All Coyote Dave told me was that the pictographs were in a cave that looked like a Hershey’s Kiss, so I meandered on a barely noticeable path, over a gurgling stream that flows into Piru Creek, and toward a boulder field, lumpy like the chocolate candy, the telltale red shading of Chumash rock art visible upon approach. I carefully set down my backpack, sat myself down in the cool shade, and stared at the faded images, those odd creatures and celestial symbols now quite familiar to my eyes, having sought out dozens of them since my college days more than a decade ago. These weren’t in great shape, although the only evidence of actual vandalism was itself historic: a chiseled-in “H.Y.T.” in old-style serif lettering, likely the initials of a horse-riding explorer or backwoods homesteader from more than a century ago.
This is just one of the countless daily discoveries that a trek through any part of Los Padres National Forest is bound to deliver, but I experienced more than ever before on my recent, five-day, nearly 30-mile slog from Camp Scheideck to Piedra Blanca — with a two-night spur up to Fishbowls — through the Sespe Wilderness along the Gene Marshall–Piedra Blanca National Recreation Trail.
As one of the 11 travelers on my good friends’ eighth annual “Death March” this past Memorial Day weekend, we chalked up sky-high incense cedars and Jeffrey pines, eight-inch steelhead trout, bear skeletons, cougar heebie-jeebies, bracingly cold swimming holes, a brief snow storm, delicate mariposa lilies, deep-purple chia sage buds, blooming Matilija poppies, bright green moss that fell from the trees like psychedelic feathers, and a curious, phallus-like plant that erupted through the moist, needle-covered earth to show off its brilliantly red explosion of flower clusters to the world. (We later learned it was snow plant, which, perhaps even trippier, lives in a mutually beneficial relationship with the underground fungi that survive on the roots of pine trees.) There were also more paintings, including one of the most interesting designs I’d ever seen, an anthropomorphic winged beast we wound up calling the “Bird Man.”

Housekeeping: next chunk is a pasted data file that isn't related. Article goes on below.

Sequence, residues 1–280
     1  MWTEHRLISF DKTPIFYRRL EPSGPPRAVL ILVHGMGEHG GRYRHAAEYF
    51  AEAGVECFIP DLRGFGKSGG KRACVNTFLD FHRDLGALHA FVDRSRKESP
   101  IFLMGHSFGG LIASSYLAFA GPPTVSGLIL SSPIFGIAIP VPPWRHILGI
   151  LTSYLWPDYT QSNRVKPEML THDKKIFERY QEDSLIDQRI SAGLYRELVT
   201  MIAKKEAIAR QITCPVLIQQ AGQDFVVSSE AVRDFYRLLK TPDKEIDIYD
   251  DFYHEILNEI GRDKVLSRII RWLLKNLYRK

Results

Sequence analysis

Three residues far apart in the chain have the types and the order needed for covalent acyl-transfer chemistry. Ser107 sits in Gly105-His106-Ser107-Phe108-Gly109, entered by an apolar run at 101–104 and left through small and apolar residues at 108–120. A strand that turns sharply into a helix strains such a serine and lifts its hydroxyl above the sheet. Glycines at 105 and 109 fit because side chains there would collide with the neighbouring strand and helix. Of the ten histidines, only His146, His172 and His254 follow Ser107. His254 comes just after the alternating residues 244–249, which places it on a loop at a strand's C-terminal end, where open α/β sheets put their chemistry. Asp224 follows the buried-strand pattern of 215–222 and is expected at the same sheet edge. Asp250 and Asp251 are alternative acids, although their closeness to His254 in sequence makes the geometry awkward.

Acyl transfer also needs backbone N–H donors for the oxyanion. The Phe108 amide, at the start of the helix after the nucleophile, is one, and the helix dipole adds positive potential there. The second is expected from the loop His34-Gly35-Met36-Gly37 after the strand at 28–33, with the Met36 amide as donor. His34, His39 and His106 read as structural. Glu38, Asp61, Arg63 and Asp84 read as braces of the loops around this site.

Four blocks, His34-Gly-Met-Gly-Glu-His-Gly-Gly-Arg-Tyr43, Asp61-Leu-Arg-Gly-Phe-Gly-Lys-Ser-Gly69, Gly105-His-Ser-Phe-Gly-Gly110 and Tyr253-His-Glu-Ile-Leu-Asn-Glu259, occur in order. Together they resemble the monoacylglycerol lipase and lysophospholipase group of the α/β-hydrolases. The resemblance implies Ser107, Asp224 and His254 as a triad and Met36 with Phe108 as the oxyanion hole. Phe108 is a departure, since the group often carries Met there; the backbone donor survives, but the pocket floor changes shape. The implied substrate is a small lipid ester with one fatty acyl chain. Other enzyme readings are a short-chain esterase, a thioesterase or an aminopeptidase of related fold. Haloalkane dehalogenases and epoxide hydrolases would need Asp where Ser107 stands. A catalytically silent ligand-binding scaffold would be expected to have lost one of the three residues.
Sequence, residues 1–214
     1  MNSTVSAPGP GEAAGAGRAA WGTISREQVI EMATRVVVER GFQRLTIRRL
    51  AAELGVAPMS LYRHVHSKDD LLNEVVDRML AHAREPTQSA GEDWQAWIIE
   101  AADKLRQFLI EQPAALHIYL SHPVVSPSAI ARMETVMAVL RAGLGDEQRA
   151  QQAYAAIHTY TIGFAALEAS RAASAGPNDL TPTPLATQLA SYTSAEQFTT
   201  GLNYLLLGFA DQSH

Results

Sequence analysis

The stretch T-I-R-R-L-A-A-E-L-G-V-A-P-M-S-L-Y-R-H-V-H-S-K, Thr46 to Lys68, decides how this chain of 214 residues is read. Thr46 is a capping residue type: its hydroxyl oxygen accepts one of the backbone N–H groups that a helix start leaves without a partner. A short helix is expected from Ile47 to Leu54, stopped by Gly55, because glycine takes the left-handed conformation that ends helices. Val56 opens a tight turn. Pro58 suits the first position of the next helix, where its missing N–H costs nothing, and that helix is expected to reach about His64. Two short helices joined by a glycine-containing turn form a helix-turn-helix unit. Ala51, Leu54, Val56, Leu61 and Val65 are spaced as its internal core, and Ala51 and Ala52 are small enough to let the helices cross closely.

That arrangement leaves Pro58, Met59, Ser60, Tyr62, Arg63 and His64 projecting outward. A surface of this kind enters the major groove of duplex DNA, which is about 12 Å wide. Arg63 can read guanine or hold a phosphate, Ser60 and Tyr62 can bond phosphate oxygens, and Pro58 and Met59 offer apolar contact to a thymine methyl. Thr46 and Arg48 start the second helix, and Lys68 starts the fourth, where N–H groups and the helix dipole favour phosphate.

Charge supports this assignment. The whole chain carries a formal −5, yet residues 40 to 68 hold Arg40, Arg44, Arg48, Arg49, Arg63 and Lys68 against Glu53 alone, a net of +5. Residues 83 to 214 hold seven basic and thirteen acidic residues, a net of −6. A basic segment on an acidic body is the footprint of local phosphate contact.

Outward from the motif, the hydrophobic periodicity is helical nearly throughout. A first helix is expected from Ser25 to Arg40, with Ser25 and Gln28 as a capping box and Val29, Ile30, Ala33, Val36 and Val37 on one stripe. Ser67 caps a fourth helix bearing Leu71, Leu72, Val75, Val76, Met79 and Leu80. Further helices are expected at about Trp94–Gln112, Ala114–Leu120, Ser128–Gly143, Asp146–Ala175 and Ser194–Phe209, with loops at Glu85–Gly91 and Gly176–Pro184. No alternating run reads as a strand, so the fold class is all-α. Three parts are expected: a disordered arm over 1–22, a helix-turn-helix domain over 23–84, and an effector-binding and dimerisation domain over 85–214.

In conversations around the campfire each night, we discovered things about being human, too: that we’re made to walk, which is why day one sucks, but you feel like walking forever on day five; that maybe we snore to keep away bears, lions, and other predators at night, a theory desperately requiring research; that seafood stew, grilled tri-tip, and veggie stir fry taste much better when you’ve hauled it on your back up and down mountains for miles; that backpacking seems to be back in style, as witnessed by the 50 or so people who crammed into Fishbowls camp on Saturday night; and that if there was such a thing on the planet as powdered alcohol, we would all no doubt know about it.
But discovery is only half the game — a long backpacking trip delivers a rather refreshing sense of accomplishment, as well, and not just because you feel rather manly after trudging through the potential dangers of the wilderness with only what’s on your back to sustain you. On our last night, the available camps were so packed that we had to go a ways off trail and build our own camp. As Coyote Dave went off to get our waiting friends, he suggested I build a fire pit. I took to the job with a sense of responsibility, quickly clearing a nice piece of ground, gathering large rocks, collecting wood. Upon their return, they were impressed. “Dude, nice work,” said Coyote Dave. “You get a merit badge.”
I couldn’t hold back a smile upon getting my first badge, but it wasn’t a first for our team. One enterprising fellow tallied three on day one alone, and then we lost count: for fashioning a yucca stalk into a cane, for harvesting pine sap and cooking it into a glossy red glue, for making more yucca and an acorn cap into a smoking pipe, for deftly suggesting that bacon be wrapped around green onions and then thrown on the fire. He also patiently helped set up a deadfall trap designed to snag a rabbit or whatever might like a nibble of cheese, and while that never worked, it did deliver a name for the low-impact development that arose around my fire pit: Deadfall Camp, an ode to the trap, but also to the fallen trees and the huge rock face overlooking us that would certainly make any fall fatal.
Even though it gets mighty chilly at night — cold enough, in fact, to leave shards of ice in your water bottles — you find yourself approaching inner peace as you tighten your sleeping sack around your face, leaving just enough room to peer out toward the starry night skies. It’s the last thing you’ll see before drifting off to a deserved sleep, and it’s the same scene that the Chumash were painting on caves millennia ago. There’s magic up there, and with a good walk in the woods, you find it gently raining into your own life, even when you begrudgingly return to what we call civilization.